What Music Can Teach Us About Unity
Music teaches you how to live, it makes you feel emotions, and explains things and situations. Music can motivate, encourage, and energize. Music holds a powerful position. Music can travel across country borders, barbed wire, and conflict. Music cannot be beaten, stolen, jailed, insulted. Music is not one person’s claim; no one can own music. Music can be interpreted according to you; there's no right or wrong way. Music is a language that can be understood universally without translation. In times of need and sadness music has the ability to unite people across cultures. Musicians are given the power to use their music as a bridge to change and social advocacy.
After World War II there was a period of time of unparalleled energy. African American soldiers had returned from war and demanded equal rights. Numerous ways of resisting racial segregation and discrimination included civil disobedience, protests, boycotts, and marches. The people who would fight for their American freedom did so without a weapon to kill or the urge to kill. They had one means of protection, however, music. With a strong mind, a song in their heart, a want to be free, they sang through the thickness. Music was a fundamental part of the Civil Rights Movement. Music had given them courage. When non-violent protestors came together they faced beatings, fire hoses, shootings, and jail. They didn’t have any source of protection other than the strength they gained from music. People that went through these trying times , “sang, in order to uplift their spirits and keep their minds focused on what they were trying to achieve.” (45, Hast)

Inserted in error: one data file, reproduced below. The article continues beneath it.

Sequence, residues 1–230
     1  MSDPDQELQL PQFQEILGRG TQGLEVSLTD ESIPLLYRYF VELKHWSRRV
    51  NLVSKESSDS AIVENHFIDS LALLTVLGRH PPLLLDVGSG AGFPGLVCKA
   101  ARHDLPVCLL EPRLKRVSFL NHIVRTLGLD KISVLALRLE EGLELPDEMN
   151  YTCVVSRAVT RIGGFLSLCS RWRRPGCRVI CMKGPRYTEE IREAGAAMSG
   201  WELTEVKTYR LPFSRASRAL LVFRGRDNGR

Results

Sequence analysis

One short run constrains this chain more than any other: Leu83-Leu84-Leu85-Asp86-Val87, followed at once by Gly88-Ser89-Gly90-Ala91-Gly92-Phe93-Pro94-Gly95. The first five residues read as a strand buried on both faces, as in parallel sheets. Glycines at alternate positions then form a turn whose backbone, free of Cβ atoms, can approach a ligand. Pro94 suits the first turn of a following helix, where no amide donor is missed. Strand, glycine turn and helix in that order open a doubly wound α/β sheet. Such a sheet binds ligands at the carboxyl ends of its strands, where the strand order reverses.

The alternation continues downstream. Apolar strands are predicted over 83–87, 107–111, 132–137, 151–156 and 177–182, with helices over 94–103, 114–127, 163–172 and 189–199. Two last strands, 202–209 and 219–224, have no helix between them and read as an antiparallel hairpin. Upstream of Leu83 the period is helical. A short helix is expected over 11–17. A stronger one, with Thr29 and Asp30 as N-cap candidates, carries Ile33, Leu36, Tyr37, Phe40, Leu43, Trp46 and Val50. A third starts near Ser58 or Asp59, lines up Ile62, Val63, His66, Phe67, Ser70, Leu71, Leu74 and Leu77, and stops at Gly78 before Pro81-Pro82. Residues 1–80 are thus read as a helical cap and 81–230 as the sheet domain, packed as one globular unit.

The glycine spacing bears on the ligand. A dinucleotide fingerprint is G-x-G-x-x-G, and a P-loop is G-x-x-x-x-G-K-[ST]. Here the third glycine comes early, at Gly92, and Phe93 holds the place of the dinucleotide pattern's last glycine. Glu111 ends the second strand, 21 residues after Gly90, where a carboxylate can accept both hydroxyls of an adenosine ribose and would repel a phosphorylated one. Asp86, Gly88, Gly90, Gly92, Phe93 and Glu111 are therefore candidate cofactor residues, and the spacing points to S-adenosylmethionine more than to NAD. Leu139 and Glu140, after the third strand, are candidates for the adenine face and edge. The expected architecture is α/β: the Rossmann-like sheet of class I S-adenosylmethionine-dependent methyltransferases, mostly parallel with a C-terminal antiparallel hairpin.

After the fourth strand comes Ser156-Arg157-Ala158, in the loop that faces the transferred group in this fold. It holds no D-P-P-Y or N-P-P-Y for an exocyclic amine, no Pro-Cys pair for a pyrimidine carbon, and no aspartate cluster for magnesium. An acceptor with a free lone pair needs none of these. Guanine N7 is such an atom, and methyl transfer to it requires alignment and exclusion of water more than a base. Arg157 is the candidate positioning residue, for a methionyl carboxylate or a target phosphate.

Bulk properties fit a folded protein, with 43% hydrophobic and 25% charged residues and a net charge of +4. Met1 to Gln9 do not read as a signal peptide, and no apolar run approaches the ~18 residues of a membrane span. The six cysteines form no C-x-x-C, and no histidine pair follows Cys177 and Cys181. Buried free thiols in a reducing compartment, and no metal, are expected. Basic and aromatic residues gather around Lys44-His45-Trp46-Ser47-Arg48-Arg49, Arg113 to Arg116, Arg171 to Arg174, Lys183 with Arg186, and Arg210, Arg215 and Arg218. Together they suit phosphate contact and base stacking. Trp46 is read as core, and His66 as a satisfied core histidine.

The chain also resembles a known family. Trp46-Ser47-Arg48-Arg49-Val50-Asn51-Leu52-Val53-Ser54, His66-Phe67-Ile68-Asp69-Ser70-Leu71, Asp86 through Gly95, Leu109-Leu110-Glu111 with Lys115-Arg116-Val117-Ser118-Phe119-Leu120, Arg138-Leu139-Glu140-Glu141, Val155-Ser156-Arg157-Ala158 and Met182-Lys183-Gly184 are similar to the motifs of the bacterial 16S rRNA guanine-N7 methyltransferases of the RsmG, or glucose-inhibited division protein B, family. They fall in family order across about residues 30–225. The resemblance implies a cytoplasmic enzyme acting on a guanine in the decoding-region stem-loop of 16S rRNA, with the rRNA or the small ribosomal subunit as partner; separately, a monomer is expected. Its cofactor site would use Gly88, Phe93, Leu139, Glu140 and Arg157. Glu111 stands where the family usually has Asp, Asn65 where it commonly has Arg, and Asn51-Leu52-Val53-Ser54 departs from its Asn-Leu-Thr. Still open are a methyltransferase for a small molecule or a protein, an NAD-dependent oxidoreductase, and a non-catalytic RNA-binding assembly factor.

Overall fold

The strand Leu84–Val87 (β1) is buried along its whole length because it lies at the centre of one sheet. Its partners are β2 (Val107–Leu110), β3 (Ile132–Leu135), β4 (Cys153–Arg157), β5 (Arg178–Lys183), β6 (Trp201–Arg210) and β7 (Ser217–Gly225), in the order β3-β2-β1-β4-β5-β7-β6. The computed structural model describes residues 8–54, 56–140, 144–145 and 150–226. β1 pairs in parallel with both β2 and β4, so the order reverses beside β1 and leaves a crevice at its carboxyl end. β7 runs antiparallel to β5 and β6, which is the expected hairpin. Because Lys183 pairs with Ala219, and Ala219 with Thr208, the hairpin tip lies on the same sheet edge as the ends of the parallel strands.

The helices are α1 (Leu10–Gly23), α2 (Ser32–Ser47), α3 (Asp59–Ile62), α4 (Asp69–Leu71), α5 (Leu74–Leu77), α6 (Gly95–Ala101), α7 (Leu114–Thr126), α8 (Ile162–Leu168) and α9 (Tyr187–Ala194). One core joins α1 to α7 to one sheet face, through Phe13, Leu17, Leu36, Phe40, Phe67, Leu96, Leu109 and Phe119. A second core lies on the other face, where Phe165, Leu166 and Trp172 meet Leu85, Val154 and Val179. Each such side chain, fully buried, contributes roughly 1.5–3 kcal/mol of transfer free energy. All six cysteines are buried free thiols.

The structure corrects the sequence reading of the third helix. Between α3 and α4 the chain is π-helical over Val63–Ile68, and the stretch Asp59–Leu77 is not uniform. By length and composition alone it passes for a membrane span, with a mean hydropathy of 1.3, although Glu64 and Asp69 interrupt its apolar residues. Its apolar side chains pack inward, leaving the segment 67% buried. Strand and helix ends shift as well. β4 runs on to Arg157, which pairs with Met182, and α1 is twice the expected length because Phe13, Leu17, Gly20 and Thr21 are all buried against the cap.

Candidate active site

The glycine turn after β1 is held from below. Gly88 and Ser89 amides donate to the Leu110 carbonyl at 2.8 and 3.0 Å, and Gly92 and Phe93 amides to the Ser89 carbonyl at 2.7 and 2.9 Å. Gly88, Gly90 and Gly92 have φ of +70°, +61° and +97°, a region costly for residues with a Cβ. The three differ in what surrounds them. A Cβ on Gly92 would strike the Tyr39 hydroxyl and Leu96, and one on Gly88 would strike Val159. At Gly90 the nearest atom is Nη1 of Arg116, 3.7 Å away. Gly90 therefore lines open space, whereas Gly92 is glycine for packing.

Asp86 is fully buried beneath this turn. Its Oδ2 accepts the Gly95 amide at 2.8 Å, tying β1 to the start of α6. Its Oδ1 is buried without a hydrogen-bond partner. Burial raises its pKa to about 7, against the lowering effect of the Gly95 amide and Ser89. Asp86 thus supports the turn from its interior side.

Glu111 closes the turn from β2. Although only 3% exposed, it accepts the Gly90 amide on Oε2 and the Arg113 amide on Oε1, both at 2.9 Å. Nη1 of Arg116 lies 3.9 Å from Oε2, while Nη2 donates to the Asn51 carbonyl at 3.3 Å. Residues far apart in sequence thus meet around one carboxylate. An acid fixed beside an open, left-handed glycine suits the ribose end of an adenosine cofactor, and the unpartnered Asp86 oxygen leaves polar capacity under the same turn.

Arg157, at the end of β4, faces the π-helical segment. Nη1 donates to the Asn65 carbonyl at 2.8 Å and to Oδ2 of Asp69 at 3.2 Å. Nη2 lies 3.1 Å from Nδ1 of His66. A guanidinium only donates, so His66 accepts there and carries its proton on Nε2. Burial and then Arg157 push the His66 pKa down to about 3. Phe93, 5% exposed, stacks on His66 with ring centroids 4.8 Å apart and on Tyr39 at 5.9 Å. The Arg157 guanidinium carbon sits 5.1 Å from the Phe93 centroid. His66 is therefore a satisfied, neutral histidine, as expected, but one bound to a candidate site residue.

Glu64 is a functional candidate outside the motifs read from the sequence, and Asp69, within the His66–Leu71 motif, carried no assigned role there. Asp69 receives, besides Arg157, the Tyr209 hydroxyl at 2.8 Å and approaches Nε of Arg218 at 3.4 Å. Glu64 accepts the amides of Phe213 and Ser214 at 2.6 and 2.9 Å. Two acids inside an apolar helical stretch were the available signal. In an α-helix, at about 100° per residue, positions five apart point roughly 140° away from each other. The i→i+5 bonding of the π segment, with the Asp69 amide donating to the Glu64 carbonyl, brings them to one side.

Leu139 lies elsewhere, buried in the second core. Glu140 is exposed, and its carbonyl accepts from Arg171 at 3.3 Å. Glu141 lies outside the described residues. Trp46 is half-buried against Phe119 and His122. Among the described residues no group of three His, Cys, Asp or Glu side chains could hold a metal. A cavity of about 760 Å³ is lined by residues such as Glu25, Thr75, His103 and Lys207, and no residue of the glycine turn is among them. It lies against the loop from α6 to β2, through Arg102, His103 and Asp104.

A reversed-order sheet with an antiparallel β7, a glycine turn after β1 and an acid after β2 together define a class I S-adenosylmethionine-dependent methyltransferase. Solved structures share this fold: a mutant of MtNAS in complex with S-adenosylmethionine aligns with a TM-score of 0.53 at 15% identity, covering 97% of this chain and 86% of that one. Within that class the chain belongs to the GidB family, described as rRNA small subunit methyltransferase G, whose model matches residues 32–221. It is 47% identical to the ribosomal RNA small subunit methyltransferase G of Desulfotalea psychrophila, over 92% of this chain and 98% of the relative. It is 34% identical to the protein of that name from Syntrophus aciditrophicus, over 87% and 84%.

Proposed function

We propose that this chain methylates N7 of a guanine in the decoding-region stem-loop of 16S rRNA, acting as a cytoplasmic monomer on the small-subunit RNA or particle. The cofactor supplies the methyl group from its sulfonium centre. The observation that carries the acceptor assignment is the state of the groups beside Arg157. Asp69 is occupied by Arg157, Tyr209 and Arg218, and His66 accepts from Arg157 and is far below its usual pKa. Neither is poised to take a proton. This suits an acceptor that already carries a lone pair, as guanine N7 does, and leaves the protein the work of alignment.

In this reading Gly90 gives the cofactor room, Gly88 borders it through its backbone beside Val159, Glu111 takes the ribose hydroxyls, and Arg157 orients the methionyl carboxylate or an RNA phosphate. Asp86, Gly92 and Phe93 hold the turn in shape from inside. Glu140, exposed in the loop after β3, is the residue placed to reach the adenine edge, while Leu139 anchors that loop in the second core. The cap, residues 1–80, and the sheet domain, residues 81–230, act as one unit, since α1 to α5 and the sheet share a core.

Not only can music cause unity to fight for a cause but it can also bring people together to help out others. On January 12, 2010 Haiti suffered a 7.0 magnitude earthquake. There were 316,000 lives lost (Archibold). Musicians came together in order to create “We Are the World 25 for Haiti” - a remake...
Cited: Archibold, Randal C. "Haiti: Quake 's Toll Rises to 316,000." The New York Times. 14 Jan. 2011. The New York Times. 20 Dec. 2012 .
Hast, Dorothea E. Exploring the world of music. 2nd ed.: Kendall/Hunt Company, 1999.
Vinciguerra, Thomas. "The Truce of Christmas, 1914." The New York Times 25 Dec. 2005. 13 Dec. 2012 .
"Who Do You Think You Are? Season Two." NBC.com. 20 Dec. 2012 .
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